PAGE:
TruckMux uses J1939 protocol standard. While ABS is helping to drive the research into new tractor-trailer connectors, TruckMux is capable of going beyond the needs for powering ABS. It can monitor a wide range of vehicle functions, including:

  • Brake health. Pressure sensors in the air tank and lines can alert the driver when pressures are low. Sensors also can be used to let the driver know the status of the parking brake and the condition of brake linings.
  • Suspension health and loading. The height and pressure of air suspensions can be used to calculate the gross vehicle weight.
  • Accident avoidance. The vehicle can be equipped with collision warning systems at the front, side, and rear.
  • Tracking and security. This includes a door-ajar warning and satellite tracking systems that pinpoint vehicle location.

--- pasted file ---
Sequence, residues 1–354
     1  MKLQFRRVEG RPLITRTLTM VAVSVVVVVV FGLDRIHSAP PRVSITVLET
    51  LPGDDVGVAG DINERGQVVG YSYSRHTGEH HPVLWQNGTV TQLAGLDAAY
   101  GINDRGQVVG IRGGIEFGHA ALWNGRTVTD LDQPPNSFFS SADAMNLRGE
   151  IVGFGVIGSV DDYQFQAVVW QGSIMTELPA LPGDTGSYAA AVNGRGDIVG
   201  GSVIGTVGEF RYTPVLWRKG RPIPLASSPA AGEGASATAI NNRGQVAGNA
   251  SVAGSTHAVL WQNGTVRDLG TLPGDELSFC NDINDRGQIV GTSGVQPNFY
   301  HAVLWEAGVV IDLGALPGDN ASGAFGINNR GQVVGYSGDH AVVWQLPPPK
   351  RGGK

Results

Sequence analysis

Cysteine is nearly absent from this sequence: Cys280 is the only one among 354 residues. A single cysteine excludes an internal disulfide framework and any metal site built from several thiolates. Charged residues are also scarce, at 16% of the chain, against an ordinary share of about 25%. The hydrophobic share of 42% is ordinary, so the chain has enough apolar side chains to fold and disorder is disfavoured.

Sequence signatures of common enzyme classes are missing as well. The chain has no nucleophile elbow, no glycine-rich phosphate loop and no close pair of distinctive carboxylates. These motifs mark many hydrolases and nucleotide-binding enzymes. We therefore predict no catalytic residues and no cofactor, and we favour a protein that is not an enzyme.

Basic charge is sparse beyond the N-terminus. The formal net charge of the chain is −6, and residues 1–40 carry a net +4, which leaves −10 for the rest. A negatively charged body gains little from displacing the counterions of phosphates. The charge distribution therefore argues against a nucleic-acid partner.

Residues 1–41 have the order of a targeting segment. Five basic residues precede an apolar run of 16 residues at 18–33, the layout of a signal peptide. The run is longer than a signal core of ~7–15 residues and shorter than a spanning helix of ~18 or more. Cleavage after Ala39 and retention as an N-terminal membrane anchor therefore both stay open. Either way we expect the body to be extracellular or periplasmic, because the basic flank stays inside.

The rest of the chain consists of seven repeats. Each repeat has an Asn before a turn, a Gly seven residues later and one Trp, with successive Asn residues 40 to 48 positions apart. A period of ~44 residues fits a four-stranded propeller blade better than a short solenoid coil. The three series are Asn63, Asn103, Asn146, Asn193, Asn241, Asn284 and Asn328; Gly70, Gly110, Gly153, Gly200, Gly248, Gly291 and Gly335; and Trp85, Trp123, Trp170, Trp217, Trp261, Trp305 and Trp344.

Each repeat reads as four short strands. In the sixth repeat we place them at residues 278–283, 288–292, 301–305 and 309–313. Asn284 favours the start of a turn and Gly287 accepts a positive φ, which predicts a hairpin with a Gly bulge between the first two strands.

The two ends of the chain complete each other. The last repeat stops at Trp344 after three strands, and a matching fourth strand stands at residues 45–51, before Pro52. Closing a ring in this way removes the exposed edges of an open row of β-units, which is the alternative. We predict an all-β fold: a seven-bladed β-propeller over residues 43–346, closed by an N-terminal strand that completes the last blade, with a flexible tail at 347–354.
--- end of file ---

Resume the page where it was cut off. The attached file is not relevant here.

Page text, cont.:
• Advance lighting that would indicate shorts and open circuits.
  • Cargo health. Refrigerated loads can be monitored for temperatures, operational settings, and trends in temperature. Alarms could notify the driver when necessary.

Four Choices

To make these advanced capabilities possible, tractor and trailer engineers have four basic options, Wissing said.

1. Add wires. This can be done either by addition of a second connector or by putting more wires in a single cable.

2. Use a power line carrier. This uses proprietary protocol.

3. Muliplexing. TruckMux switches at least two wires to utilize J1939 public protocol, sending multiple messages down a single wire.

4. Wireless. This is similar to a cellular telephone or radio transceiver for communicating between tractor and trailer.

"You are experiencing the beginning of communications between tractor and trailer," Wissing said. "Whatever you can dream, we can do. It will be up to you to make your needs known."